A lawyer and human rights monitor who published a paper for the UN about US treatment of prisoners in Afghanistan is -- guess what! -- gone. He was let go a day after the paper was published. Story here.
The most reliable defenders of American values in this yearlong crisis have been that despised minority known as "the lawyers" -- specifically, those who work at the American Civil Liberties Union, the Center for Constitutional Rights, Human Rights Watch, the International League for Human Rights, and Human Rights First (formerly known as the Lawyers Committee for Human Rights), along with members of various bar
...You've said that raising children in a religious tradition may even be a form of abuse.
What I think may be abuse is labeling children with religious labels like Catholic child and Muslim child. I find it very odd that in our civilization we're quite happy to speak of a Catholic child that is 4 years old or a Muslim of child that is 4, when these children are much too young to know what they think about the cosmos, life and morality. We wouldn't dream of speaking of a Keynesian child or a Marxist child. And yet, for some reason we make a privileged exception of religion. And, by the way, I think it would also be abuse to talk about an atheist child...
Noted Berkeley economist looks at Bush plan and comes up with the following:
If you are 45 and if Bush's plan were available today...
Follow George W. Bush's advice, divert $1,000 into your private account, invest it in TIPS, and at the 1.85% per year interest rate you will indeed by able to collect an extra amount worth $10.11 a month in today's dollars when you retire at 65...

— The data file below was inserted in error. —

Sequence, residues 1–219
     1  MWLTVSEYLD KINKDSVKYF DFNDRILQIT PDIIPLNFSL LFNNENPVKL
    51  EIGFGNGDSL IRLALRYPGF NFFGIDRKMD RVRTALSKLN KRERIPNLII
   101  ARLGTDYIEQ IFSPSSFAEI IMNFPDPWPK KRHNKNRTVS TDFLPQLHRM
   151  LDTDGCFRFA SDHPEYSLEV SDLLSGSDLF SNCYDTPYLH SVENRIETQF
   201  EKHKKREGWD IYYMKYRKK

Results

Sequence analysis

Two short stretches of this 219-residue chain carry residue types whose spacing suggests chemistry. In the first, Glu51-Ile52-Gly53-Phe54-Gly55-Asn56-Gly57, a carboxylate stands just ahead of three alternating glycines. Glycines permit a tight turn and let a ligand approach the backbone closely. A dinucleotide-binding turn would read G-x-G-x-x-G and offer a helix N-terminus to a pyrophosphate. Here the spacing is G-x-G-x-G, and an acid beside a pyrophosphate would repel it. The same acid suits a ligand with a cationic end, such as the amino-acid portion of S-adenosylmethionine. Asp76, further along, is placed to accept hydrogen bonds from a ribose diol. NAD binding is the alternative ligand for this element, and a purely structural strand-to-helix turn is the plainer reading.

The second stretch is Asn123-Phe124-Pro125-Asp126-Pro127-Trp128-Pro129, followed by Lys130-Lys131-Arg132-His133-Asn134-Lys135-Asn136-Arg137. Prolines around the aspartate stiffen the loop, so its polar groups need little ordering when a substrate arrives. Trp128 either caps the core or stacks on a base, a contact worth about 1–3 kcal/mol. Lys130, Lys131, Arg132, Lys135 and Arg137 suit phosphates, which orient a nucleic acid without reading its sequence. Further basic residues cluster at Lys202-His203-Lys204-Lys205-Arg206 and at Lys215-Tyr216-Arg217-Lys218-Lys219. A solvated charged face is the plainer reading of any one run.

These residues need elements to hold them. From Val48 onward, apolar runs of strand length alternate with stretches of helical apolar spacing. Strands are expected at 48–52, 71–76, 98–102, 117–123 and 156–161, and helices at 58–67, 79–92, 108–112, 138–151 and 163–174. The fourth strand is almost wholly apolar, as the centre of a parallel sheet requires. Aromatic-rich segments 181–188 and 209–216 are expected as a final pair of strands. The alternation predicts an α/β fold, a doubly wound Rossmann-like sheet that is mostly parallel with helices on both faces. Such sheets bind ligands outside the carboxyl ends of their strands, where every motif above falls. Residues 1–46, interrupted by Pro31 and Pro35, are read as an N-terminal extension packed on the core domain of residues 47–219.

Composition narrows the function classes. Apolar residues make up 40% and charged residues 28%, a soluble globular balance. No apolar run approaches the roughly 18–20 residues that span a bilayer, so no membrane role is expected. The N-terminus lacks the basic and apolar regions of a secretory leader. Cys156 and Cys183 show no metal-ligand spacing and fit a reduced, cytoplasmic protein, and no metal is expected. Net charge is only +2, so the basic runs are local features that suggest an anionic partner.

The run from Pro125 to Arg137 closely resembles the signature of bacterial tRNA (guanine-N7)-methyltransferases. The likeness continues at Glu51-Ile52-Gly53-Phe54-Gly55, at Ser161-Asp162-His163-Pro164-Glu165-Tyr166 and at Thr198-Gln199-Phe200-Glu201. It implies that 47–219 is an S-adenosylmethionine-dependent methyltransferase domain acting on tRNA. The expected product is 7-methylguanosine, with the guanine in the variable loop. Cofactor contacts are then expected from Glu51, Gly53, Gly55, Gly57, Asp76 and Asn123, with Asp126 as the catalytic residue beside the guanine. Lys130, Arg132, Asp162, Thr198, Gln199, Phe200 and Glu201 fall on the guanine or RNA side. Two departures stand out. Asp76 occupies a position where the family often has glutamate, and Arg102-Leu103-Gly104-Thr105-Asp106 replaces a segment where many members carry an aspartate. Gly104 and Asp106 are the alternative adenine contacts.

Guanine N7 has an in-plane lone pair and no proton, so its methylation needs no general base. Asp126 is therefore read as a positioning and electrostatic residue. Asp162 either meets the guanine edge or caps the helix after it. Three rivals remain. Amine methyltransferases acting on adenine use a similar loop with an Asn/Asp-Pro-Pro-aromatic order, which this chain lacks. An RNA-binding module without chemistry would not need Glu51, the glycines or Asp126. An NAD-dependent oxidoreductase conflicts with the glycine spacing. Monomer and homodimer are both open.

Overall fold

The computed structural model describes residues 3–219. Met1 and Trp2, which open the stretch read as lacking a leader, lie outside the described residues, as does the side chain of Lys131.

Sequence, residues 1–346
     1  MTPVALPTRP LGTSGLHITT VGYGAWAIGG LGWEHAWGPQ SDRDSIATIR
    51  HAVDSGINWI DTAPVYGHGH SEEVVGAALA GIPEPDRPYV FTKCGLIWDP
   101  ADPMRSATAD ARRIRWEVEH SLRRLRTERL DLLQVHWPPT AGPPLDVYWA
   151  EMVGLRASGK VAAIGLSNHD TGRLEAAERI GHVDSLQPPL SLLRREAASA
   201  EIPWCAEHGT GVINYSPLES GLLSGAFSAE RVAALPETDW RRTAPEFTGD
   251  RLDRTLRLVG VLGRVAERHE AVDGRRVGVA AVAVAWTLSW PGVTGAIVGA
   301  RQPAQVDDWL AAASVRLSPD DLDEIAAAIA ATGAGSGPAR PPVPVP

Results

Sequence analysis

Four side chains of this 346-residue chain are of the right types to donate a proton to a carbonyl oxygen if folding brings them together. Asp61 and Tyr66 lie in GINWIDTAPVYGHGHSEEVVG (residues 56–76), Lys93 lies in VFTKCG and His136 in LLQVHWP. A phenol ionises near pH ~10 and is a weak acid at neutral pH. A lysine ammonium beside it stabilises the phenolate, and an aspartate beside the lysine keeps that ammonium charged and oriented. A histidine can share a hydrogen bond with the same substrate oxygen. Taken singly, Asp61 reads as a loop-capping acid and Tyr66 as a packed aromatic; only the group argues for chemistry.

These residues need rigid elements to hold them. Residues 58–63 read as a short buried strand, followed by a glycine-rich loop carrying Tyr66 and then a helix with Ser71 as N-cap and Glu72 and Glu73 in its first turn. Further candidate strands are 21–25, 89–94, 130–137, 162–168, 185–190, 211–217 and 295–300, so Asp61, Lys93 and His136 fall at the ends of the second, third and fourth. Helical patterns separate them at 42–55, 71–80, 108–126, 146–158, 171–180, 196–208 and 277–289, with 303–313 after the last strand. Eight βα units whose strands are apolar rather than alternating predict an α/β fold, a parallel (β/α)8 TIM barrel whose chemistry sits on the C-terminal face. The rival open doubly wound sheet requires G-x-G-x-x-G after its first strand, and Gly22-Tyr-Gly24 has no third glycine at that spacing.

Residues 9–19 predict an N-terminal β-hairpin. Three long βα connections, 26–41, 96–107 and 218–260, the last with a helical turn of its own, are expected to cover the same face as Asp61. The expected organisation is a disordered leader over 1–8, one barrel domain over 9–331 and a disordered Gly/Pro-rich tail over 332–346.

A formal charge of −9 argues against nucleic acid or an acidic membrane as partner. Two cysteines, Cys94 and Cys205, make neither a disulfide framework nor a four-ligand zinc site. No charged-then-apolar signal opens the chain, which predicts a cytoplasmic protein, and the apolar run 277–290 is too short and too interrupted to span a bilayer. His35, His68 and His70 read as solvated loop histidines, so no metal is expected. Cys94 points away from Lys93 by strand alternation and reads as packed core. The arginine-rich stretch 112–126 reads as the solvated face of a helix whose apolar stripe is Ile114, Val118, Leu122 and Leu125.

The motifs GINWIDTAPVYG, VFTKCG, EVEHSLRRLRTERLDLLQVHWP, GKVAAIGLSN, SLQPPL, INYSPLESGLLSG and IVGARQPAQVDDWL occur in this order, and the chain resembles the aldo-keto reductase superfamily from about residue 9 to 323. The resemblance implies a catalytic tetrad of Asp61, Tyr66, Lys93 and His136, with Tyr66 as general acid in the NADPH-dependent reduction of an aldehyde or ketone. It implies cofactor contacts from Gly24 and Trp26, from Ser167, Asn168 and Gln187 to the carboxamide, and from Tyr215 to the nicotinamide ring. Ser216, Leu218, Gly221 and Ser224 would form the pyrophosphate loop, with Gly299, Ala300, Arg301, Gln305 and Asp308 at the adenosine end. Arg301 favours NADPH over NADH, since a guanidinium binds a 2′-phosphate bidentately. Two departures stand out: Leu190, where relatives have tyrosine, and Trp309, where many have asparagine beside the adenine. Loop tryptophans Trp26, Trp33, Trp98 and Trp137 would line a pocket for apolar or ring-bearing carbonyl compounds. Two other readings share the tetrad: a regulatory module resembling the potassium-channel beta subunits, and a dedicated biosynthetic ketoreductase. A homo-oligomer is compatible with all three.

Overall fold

But the clawback would reduce your normal Social Security benefit by $14.16 a month. You're $4.05 a month behind.
"Building a nest egg." Feh!
Your president only has your best interests at heart. But there's gotta be a better interest rate than that there's gotta be a better president than that.
This is coming up in tomorrow's (Sunday's) New York Times. Will it get some attention? Or are we tuning this stuff out?
Seven months before Sept. 11, 2001, the State Department issued a human rights report on Uzbekistan. It was a litany of horrors.
The police repeatedly tortured prisoners, State Department officials wrote, noting that the most common techniques were "beating, often with blunt weapons, and asphyxiation with a gas mask." Separately, international human rights groups had reported that torture in Uzbek jails included boiling of body parts, using electroshock on genitals and